“I don’t want your help!”
–C.R. Marchi as SSG Mike Ames
“Sixth IED. June 23, 2004. Night. Dark. On patrol outside Falluja. Pop. Kaplow. Down the well. Ping.”
–Sally Nutt as Dr. Jo Fitch, Eric St. Cyr as LCpl Kevin Daniels
“You're my buddy now. We’re in this together. Neither of us is gonna be alone.”
–Christian Maurice as HM Jackson Cantrell, Eric St. Cyr as LCpl Kevin Daniels
Photos from ACT ONE's Portsmouth, NH world premier production of Make Sure It's Me
“Take three of my limbs and give me my brain back,” says Staff Sergeant Annie Nichols, one of five veterans who make up the heart of Kate Wenner’s play Make Sure It’s Me.
The play explores the emotional, spiritual and physical ramifications of this “signature injury” of the Iraq and Afghanistan wars, for the injured vets and also for their families.
The time is 2006, and the setting is a university clinic, where Sgt. Nichols and the other vets are being treated for the brain injuries they suffered from IED blasts in Iraq.
Dr. Jo Fitch is the civilian brain trauma specialist caring for Sgt. Nichols and the others. She was commissioned by the Pentagon to help them understand this confounding new combat injury.
Though the vets in Dr. Fitch’s study may never recover their full cognitive abilities, they are able to begin to recover pride and purpose by turning to one another, as they once did as warriors. “We’re in this together,” says Marine Lance Corporal Kevin Daniels to Navy Corpsman Jackson Cantrell. “You’re not alone.”
Their spouses also take solace from each other. “The wives that lost their husbands, they think they got it so much worse,” says Angel Rodriguez, “They don’t realize we lost our husbands, too.”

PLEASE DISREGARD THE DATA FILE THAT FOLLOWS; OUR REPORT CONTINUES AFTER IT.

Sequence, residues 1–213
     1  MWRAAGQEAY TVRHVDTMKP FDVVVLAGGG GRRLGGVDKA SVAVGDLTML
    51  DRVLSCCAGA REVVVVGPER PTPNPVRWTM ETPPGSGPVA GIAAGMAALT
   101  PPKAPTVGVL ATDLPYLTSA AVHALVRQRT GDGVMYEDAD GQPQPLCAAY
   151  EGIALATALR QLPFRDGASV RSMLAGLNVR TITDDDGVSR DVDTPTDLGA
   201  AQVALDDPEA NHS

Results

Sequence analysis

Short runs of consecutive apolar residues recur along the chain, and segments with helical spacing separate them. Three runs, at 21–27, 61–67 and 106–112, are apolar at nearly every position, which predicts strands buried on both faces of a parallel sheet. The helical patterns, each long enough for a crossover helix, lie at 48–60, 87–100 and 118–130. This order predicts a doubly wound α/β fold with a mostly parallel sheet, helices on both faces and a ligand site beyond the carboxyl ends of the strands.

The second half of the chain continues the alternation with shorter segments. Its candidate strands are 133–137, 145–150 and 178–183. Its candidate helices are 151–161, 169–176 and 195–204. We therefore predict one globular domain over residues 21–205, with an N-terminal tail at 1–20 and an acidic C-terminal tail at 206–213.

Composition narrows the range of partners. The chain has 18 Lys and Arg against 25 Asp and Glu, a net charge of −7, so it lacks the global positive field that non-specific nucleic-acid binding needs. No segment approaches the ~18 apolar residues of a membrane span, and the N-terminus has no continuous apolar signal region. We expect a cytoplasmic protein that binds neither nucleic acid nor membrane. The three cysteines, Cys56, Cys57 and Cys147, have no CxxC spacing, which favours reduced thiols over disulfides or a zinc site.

But parents sometimes suffer alone. Sue Daniels remembers when her son Kevin boarded the bus for basic training. “He said promise me something. If anything happens, open the body bag. Make sure it’s me. He was safe for two years. And then I got the call.”
As Dr. Fitch treats the vets in her study and hears their stories of fighting while suffering brain injury symptoms, she becomes incensed that the Pentagon has yet to begin battlefield testing. She threatens to give an interview to the New York Times, infuriating her Pentagon liaison, Lt. Col. Banks.
When Banks meets the vets at Dr. Fitch’s clinic, and hears the painful stories recounted by their families, he has a profound change of heart. He remembers back to his days at West Point, when the young cadets were told to always choose “the harder right over the easier wrong.” Bypassing his superior officers, he goes directly to the Secretary of Defense to raise a red flag about troops currently serving with undiagnosed brain injuries.
When Dr. Fitch expresses surprise that the Secretary didn’t know this, Banks explains, “Sometimes truth has a way of dying off up the chain of command.”